» The images are all from the British Museum collection, because those are conveniently online, although the exhibition has many items borrowed from other institutions.
Top is the St Eustace Head Reliquary, German, ca. 1210.
Then a reliquary cross in cloisonné enamel and gold, Constantinople, early C11th. The Virgin is flanked by busts of St Basil and St Gregory Thaumaturgus.
Last is the iron bell of St. Cuileáin in a copper alloy shrine, from Ireland, a C7th-C8th bell in a C12th shrine.
Until this morning I’d never heard of Michael S. Hart, but it turns out he invented the ebook and was the founder of Project Gutenberg. So it was sad to learn of his death.
I remember when Wikipedia appeared, it seemed like this was a great new model which would be applied to all kinds of as-yet unimagined things, that the internet would be full of brilliant resources created communally by volunteers in their spare time.
It turned out not to be quite as easy as that; you can’t just apply the Wikipedia model to everything. But Project Gutenberg is one of the great success stories, as remarkable in its own way as Wikipedia. Tens of thousands of out of copyright books of all kinds, from great literature to obscure C19th pamphlets, available for free to everyone: it really is amazing, and it’s amazing how quickly we come to take these things for granted. And if you’ve ever tried reading one of those ebooks from Google Books which has just been run through text-recognition software and left unedited, you get some sense of how much work must have gone into proofreading the 36000 volumes on Project Gutenberg.
One of the great things about Project Gutenberg is that Michael Hart had the foresight to set it up at a time when ebooks were still a niche idea. Now, as the Kindle and the iPad make the idea mainstream, this incredible resource is already there, ready and waiting.
» The illustration is from the Project Gutenberg EBook of Carpentry for Boys, by J. S. Zerbe.
I was listening to the Guardian’s Science Weekly podcast, and I heard Mo Costandi mention that people’s perceptions of what they’re reading are affected by its physical characteristics, including weight. My ears pricked up at that because I was complaining about large-format paperbacks on this blog just the other day.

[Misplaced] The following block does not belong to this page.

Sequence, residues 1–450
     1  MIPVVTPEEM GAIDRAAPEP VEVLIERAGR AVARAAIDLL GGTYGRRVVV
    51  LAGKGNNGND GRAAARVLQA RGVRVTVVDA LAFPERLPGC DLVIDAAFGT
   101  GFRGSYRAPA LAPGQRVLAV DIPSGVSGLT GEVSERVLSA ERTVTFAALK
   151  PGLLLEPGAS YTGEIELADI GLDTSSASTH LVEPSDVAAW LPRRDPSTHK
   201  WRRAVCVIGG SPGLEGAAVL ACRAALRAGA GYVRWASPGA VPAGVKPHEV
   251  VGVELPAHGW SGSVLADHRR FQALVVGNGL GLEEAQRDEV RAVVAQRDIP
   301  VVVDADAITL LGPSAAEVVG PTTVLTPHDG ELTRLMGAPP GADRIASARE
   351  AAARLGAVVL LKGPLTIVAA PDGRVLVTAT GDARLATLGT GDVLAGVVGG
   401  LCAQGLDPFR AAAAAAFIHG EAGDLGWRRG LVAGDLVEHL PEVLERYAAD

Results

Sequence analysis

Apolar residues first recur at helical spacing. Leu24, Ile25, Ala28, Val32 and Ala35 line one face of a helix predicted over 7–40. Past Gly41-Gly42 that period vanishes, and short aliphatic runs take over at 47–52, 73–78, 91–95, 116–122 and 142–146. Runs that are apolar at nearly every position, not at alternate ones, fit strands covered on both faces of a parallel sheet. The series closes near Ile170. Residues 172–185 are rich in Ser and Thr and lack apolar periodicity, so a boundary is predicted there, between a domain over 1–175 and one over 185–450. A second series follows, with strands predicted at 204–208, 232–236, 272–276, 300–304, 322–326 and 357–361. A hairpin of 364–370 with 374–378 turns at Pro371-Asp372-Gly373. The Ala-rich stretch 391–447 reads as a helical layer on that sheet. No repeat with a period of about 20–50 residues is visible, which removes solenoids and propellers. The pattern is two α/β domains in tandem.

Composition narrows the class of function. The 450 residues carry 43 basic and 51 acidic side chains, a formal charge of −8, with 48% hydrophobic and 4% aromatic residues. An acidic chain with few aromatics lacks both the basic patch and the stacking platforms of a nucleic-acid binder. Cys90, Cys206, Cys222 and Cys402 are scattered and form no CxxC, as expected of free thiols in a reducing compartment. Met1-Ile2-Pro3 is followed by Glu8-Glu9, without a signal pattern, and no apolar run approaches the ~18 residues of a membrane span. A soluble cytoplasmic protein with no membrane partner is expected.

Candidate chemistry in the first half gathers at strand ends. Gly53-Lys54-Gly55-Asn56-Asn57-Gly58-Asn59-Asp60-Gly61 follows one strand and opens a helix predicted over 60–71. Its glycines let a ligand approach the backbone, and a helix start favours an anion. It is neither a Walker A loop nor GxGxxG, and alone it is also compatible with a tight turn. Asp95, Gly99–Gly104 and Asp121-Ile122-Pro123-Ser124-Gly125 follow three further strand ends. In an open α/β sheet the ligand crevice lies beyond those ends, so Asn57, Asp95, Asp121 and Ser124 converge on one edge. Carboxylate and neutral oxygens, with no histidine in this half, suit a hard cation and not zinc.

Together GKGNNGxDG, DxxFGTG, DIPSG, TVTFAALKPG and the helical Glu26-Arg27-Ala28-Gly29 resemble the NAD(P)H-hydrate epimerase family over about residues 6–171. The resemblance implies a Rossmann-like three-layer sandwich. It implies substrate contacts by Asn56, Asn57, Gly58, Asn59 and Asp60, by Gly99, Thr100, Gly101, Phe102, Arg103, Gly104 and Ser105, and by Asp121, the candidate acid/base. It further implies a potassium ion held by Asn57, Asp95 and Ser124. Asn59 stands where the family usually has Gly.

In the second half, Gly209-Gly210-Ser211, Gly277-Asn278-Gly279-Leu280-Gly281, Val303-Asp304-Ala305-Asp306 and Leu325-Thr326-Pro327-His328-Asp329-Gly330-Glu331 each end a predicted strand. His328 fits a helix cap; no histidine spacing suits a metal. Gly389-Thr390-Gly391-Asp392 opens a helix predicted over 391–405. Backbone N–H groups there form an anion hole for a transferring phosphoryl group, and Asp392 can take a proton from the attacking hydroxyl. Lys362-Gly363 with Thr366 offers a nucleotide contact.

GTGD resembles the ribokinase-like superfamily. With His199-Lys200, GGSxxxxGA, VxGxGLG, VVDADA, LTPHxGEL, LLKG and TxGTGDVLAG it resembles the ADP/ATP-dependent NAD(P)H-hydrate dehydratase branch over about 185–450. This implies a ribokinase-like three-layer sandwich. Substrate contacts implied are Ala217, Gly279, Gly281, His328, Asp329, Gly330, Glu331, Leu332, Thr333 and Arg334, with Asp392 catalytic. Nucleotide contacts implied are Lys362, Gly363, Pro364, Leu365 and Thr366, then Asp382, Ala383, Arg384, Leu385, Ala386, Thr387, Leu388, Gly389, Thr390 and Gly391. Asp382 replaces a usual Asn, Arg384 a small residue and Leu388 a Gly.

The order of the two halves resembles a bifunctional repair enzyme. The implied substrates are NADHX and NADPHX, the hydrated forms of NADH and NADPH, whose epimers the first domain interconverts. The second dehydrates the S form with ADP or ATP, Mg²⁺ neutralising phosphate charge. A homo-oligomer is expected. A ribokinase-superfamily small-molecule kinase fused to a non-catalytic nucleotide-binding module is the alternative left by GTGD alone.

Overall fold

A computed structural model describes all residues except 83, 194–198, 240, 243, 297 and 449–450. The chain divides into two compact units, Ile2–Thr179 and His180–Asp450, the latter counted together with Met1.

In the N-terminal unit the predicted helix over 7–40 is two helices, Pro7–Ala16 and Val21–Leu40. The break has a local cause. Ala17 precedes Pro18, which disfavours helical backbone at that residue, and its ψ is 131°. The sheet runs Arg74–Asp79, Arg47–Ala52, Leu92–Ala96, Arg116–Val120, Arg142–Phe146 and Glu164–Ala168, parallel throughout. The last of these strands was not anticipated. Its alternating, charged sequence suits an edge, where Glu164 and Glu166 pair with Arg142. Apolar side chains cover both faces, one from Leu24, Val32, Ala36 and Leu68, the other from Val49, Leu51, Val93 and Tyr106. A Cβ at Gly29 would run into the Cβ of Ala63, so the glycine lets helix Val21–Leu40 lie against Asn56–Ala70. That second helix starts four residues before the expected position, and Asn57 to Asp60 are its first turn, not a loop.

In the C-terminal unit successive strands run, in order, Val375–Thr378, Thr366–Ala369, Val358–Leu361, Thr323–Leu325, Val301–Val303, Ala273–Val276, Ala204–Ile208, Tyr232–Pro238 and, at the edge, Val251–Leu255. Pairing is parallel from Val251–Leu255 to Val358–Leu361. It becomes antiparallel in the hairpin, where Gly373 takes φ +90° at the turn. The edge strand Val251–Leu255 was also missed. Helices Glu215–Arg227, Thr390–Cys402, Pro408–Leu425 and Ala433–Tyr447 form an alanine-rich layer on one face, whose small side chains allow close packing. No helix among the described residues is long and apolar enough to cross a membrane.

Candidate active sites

So I asked him for details over Twitter, and he pointed me to this article he wrote in June. It’s full of odd results, but the most relevant one is this. I’ll quote the whole paragraph, rather than trying to summarise it:
In the first experiment, 54 passersby were asked to evaluate a job candidate on the basis of a CV attached to either a light (0.34 kg) or a heavy (2 kg) clipboard. Those given the CV on the heavier clipboard generally rated the candidate as being better and having a more serious interest in the position than those given the lighter clipboard, even though the CVs used in both cases were identical. Those given the heavy clipboard also rated their accuracy on the task as more important than those given the lighter one, but did not report putting more effort into it. They did not, however, rate the candidate as more likely to get along with co-workers. This suggests that the weight cue affected their impressions of the candidate’s performance and seriousness, but not the irrelevant trait of social likeability, and that the observed effects were not due their perception of their own actions.